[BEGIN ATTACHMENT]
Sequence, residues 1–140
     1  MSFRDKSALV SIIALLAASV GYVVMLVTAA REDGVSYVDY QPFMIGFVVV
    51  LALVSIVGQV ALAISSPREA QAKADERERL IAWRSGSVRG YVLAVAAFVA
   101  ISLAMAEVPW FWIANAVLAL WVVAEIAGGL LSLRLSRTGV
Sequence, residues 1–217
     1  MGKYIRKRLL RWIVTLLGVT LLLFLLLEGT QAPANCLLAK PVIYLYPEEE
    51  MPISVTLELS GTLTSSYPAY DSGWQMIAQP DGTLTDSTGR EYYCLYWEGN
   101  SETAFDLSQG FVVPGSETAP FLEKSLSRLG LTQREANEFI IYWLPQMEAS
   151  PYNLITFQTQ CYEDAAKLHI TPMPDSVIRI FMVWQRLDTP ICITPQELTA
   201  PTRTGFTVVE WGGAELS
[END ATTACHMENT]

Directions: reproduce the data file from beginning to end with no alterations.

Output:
Sequence, residues 1–140
     1  MSFRDKSALV SIIALLAASV GYVVMLVTAA REDGVSYVDY QPFMIGFVVV
    51  LALVSIVGQV ALAISSPREA QAKADERERL IAWRSGSVRG YVLAVAAFVA
   101  ISLAMAEVPW FWIANAVLAL WVVAEIAGGL LSLRLSRTGV
Sequence, residues 1–217
     1  MGKYIRKRLL RWIVTLLGVT LLLFLLLEGT QAPANCLLAK PVIYLYPEEE
    51  MPISVTLELS GTLTSSYPAY DSGWQMIAQP DGTLTDSTGR EYYCLYWEGN
   101  SETAFDLSQG FVVPGSETAP FLEKSLSRLG LTQREANEFI IYWLPQMEAS
   151  PYNLITFQTQ CYEDAAKLHI TPMPDSVIRI FMVWQRLDTP ICITPQELTA
   201  PTRTGFTVVE WGGAELS